06/15/2011 12:03 pm ET Updated Aug 15, 2011

Not the 9/11 Generation

You guys look great. Remember to be fearless and thank mom and dad. Strive, surprise, empathize, fact-check, and chip away at the big problems. Inequality and global warming are particularly good ones.

These are the general themes taken up by every year's crop of commencement speakers -- the advisoratti elected to stick their fingers in the zeitgeist and address, and define, the graduating class, as well as the world they're inheriting.

But this year, another less uplifting leitmotif boomed from commencement stages: September 11th.

"You were young children when you watched planes hit the World Trade Center," said Amy Poehler to a sea of crimson graduates. "Your formative teenage years were filled with orange alerts, and rogue waves, and unaccomplished missions."

"Ten years ago we busied ourselves with trivial stuff imbued with importance," Tom Hanks, the affable sage of Hollywood, told Yale's senior class. "And then came 9/11."

And at one graduation, to great applause: "Every American can be proud of our brave military and intelligence personnel who made sure that the terrorist leader who attacked us on 9/11 will never threaten America again." That was Obama, though, at the Coast Guard Academy, so it was perhaps a little more fitting.

When the president announced bin Laden's death last month, it was young people, college students, who rejoiced together at the White House, Ground Zero, and on university campuses, with slightly unsavory zest. For young people, claimed older commentators, it was our "bookend moment," "the end of an era," We could "finally exhale a little bit."

Bin Laden "was the first person I was ever taught to hate" tweeted one reveller. He was our generation's semi-phantasmic foe, an honour cemented in history on the night of his death, when the editor of the New York Times, in the heady hold-the-presses newsroom, chose to forgo the paper's style and cut the "Mr." from Mr. Bin Laden, elevating him, in one small semantic swoop, into the Hall of Last Name Only Evil.

But what does it actually mean to be the "9/11 Generation"? The kids who heard principals stutter the news over staticy PAs, watched their parents cry at TV sets, and grew up with perpetual war in far away countries we couldn't find on a map. Have we grown up with a greater awareness of disorder in the world? Has dumping all those 200 ml bottles of acne medication in airport security bins made us more fearful, more aware of the fragility of our own lives?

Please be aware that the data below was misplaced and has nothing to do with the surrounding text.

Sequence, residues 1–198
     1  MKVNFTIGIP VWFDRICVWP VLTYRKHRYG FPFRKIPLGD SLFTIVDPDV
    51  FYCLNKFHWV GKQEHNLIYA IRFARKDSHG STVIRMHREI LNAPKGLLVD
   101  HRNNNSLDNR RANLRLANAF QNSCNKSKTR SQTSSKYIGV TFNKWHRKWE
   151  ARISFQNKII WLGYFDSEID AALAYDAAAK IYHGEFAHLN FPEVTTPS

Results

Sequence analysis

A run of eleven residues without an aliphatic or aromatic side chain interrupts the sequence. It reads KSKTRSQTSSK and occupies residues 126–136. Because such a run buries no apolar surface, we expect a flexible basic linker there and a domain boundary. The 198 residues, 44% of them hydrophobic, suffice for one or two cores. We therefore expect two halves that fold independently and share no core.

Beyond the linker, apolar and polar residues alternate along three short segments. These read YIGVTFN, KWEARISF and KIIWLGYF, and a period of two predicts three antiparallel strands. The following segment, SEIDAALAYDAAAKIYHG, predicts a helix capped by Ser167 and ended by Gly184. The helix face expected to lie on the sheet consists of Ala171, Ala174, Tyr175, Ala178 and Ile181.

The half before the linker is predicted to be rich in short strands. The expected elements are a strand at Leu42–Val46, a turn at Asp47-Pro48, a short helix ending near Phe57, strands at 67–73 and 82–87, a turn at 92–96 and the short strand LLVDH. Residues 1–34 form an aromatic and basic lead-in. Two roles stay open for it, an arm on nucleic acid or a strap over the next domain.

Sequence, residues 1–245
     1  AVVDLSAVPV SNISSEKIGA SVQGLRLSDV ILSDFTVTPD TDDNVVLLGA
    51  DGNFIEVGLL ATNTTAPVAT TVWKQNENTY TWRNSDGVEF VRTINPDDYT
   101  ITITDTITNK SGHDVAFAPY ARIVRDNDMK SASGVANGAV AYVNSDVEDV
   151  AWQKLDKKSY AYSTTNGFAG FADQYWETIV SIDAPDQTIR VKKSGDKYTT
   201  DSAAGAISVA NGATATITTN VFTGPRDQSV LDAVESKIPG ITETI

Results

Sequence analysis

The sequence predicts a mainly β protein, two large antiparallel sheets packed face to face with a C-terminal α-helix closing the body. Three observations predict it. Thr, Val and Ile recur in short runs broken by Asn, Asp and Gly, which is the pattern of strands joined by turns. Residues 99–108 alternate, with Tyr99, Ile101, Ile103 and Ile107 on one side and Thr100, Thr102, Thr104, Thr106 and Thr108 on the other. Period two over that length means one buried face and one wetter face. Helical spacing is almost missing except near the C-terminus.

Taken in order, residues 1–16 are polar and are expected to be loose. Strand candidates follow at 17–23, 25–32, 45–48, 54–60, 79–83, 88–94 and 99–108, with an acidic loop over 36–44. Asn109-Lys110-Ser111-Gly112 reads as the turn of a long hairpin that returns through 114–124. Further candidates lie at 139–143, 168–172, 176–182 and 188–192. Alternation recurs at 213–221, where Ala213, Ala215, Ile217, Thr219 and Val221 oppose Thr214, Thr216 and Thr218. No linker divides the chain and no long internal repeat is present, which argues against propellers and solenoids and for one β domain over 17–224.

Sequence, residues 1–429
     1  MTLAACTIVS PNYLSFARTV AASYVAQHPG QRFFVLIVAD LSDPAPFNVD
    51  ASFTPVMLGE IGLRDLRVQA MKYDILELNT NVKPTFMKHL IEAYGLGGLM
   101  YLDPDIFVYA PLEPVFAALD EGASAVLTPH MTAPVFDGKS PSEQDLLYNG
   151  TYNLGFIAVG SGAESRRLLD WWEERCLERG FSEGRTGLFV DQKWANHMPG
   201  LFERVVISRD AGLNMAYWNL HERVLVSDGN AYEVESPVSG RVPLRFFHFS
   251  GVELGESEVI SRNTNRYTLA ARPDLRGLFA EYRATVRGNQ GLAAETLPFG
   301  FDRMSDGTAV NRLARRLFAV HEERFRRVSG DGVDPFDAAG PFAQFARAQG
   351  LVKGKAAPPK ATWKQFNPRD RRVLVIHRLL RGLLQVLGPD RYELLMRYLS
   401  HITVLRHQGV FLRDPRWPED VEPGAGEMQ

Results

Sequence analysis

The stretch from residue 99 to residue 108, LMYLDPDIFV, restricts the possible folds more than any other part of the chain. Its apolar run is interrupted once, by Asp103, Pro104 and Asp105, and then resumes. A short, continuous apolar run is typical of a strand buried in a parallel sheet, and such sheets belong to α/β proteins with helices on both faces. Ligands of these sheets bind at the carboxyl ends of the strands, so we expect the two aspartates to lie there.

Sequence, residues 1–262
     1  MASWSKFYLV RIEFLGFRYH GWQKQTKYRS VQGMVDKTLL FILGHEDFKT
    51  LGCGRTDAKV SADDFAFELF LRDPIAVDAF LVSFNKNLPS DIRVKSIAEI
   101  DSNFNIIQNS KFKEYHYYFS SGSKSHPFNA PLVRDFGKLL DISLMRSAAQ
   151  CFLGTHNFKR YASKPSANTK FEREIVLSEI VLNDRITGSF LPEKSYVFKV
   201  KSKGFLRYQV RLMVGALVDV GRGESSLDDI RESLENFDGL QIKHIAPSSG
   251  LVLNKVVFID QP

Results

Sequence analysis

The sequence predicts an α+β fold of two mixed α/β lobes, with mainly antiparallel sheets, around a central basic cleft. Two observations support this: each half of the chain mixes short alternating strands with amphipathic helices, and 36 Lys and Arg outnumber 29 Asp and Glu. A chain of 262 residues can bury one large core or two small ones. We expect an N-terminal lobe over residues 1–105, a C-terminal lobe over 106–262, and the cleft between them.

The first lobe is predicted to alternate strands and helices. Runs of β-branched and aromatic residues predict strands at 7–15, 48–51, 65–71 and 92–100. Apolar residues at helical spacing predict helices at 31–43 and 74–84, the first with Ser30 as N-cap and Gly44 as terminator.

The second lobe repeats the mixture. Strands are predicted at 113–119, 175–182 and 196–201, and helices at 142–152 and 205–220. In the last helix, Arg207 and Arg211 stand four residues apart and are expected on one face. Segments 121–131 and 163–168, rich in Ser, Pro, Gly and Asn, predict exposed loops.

Theories about 9/11 and the young American psyche could fill a pseudo-social-sciencey seminar syllabus. Some claim it's jolted Gen Y into premature nostalgia, as we grope for that lost, innocent time of American invincibility via Harry Potter and Saved By the Bell.

Others look at movies like Donnie Darko, Ghost World and Juno and see a generation warped by 9/11 into a love of "alienated kids in dystopian worlds."

But kids have always been alienated and high school is always dystopian. On the other hand, "the apocalypse is here protect your children" genre has made a killing in the last decade. War of the Worlds, The Road, and 2012 all show strapping men shielding their offspring from various CGI metaphors for a world in chaos.

It seems to me like someone's projecting.

It's true that bin Laden's death had a special meaning to young people. Not because it marked the end of a childhood weaned on fear, but because America finally managed to do something it set out to do. 9/11 stoked pride in this country, pride that was massively overdrawn in the long years that followed of unclear goals and unclearer achievements.

I was living in London when the World Trade Centers crumbled, and in Berlin with bin Laden sunk to the bed of the Arabian Sea. But I am American, and saw firsthand as my nationality transformed into something I had to sheepishly defend.

Attitudes towards an accent tend to reflect general world opinion of that country (British: quaint and refined; French: cultured and hitting on you; New Zealand: I thought you were South African) and my rounded vowels and rhotic kicks became embarrassing markers as the 2000s wore on. The Iraq war and fast food exposes made America's influence in the world seem decidedly less benign, and arrogance, ignorance and supersized thighs became the defining American stereotypes abroad.

Bookshelves filled with titles like The End of the American Century, The Decline and Fall of the American Republic, and The Post-American World. Our country was in its last throes, warned preachers like Pat Robertson and Sarah Palin and Michael Moore, dying from sin and socialism and Sarah Palin.

There hasn't been much, it seemed, to stick a flag in.

When Obama arrived on the scene, the youth of the nation giddily awoke. Electing a black president gave many young Americans a booster shot of patriotism, but the years that followed didn't have so many clear-cut victories.

Then SEAL Team Six killed the bad guy.

Perhaps a handful of kids chanting "U-S-A!" were pumped up on bloodlust, but I think most of us were just pumped; we had a reason to chant "U-S-A!" in a non-sports or drunk fraternity related way.

A survey found that before 9/11 most college students were seeking for-profit corporate work, but since then, the government, Peace Corps, and Teach for America have dominated kids' choices. It isn't the fear of impending doomsday that's prompted this turn to service. Impending doomsday, one would think, would make young people go into banking and stockpile gold and spam.

Rather, this shift shows a young generation's reaction to growing up in a world afraid of impending doomsday. It's a rejection of the paranoiac fantasies of gray-templed talking heads, and a desire to really examine and chip away at the big problems. Inequality and global warming are particularly good ones.